Jimmy Stewart filibusters in “Mr. Smith Goes to Washington.” In recent years, senators have abused their right to filibuster.
By RICHARD A. ARENBERG
This week, in his strongest statement yet, Senate Majority Leader Harry Reid declared, "We're going to change the rules." Maine's senators are poised to play a pivotal role.
Reid is referring to reforms to the filibuster rules that have served as the guarantor of the Senate's unique role in balancing minority rights with majority rule. Speech is unlimited and amendments are unfettered. By contrast, in the House debate is strictly limited and often no amendments are permitted.
In recent years, the right to filibuster has been abused. This has been a trend, but in the Obama years, the minority has taken this tactic to new extremes. Historically, senators protected this crucial right by using it rarely. Now it's used to obstruct virtually everything.
The frustration has boiled over. Reid has demanded mostly reasonable reforms. Firstly, ending filibusters on the motion merely to begin consideration of a bill. Secondly, prohibiting filibusters on the steps necessary to go to a House-Senate conference. The third would require senators seeking to filibuster to debate the issue they are blocking.
These changes are moderate and would reduce the number of filibusters occurring, but would protect minority rights in the Senate. The first two are sensible, eliminating many filibusters designed only to obstruct, while preserving the filibuster on substantive matters.
The third suggestion is intuitively appealing. The new rule, however, would not likely have the desired effect. The attrition strategy works on "lone wolf" filibusters conducted by one senator or a few, but when it is the entire minority, it becomes merely a scheduling exercise. If it worked, majority leaders would do it more often. They can under existing rules.
The real danger is not what's been proposed, it is how reformers seek to make those changes. They plan to use a controversial procedure some call the "constitutional option." This is a parliamentary maneuver based on the assertion that Senate rules can be altered by a majority vote on the first day of a new Congress.
This is sometimes characterized as an existing Senate rule -- which it is not. For it to succeed, the vice president must ignore Senate rules and the advice of the parliamentarian. In effect, he must break the rules to change them. If Vice President Biden is willing to do this, he could rule that debate can be ended by a majority. In 2005, when Republicans threatened to do just that, Democrats threatened a huge reaction, thus the "nuclear option." Sen. Biden declared, "This nuclear option is ultimately an example of the arrogance of power. It is a fundamental power grab by the majority party."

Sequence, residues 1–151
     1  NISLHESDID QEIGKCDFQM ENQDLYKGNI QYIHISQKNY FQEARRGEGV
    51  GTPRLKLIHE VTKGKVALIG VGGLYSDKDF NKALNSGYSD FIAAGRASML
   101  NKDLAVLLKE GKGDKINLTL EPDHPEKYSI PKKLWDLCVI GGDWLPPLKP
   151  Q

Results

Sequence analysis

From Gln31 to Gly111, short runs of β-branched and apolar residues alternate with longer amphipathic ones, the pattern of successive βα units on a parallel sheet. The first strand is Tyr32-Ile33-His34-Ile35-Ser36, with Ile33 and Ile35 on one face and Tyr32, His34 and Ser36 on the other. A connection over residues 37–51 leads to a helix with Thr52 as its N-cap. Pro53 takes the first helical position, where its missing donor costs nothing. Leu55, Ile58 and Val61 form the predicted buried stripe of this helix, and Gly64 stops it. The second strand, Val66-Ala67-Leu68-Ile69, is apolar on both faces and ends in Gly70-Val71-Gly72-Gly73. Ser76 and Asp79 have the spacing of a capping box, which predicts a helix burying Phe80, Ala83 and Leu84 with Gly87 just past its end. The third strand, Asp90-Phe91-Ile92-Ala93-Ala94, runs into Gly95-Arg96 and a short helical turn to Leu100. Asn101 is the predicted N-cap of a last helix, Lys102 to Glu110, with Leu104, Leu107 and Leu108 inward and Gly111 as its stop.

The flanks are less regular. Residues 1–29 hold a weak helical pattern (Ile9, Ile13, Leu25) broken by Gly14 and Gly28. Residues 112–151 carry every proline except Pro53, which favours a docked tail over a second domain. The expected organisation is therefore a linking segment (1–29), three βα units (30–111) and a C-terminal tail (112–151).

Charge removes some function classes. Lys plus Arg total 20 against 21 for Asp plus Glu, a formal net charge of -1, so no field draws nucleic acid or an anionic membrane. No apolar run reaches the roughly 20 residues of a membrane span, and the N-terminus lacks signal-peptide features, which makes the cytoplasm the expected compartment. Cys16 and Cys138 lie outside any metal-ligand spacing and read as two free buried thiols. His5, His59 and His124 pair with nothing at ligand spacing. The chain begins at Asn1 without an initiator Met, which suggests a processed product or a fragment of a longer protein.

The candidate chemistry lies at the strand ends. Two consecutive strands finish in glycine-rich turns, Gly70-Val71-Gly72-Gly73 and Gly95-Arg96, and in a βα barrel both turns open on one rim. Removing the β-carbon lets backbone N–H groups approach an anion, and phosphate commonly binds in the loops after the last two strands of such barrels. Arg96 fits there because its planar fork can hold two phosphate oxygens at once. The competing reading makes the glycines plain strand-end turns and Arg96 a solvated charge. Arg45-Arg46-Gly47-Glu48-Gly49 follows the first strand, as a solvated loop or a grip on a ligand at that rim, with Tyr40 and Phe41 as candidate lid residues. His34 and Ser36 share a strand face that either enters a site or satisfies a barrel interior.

Once the precedent is established that a majority can change the rules, the outcome is inevitable. Majorities will do what they do. They will before long establish firm control over the legislative process. Majority rule would trump all. The Senate would be diminished to a shadow of the House.
No senator is calling for the elimination of the filibuster. The reformers acknowledge that it protects minority rights and promotes negotiation and compromise. It also protects the rights of smaller states like Maine.
The rules can be reformed without destroying the fundamental character of the Senate, but it must be done by a bipartisan supermajority. Maine's senators are critical. The 2005 "nuclear option" crisis was resolved by a "Gang of 14" who negotiated a compromise and sealed it with a handshake. Their numbers ended the minority's filibustering of most judicial nominations and the majority's ability to use the "nuclear option." Maine's Sens. Olympia Snowe and Susan Collins were prominent members that group.
Again Sen. Collins and this time Sen.-elect Angus King can play pivotal roles. There are 55 Democrats (and independents). The majority-vote tactic requires 50 votes to ratify the vice president's ruling. A number of Democratic senators oppose that radical step and are seeking compromise. King, while strongly supporting filibuster reform, has wisely left open the question of what he might do on the "nuclear option."
Sen. Collins has indicated her opposition, but has a long record of compromise. One possibility would be a new "gang." Twelve senators, six from each party, could agree to reasonable reforms in exchange for denying the majority the votes necessary for the "nuclear option."
Preferable however are real negotiations among senators with the best interests of the Senate and the nation in mind, leading to a bipartisan compromise which could garner the two-thirds support to make moderate changes.
Such bipartisan negotiations are occurring in the Capitol. Let us hope that Sens. Collins and King join this effort.
Richard A. Arenberg, co-author of “Defending the Filibuster: The Soul of the Senate,” is a former Senate staffer who worked for Maine Sen. George Mitchell and others. He teaches at Brown University.Tweet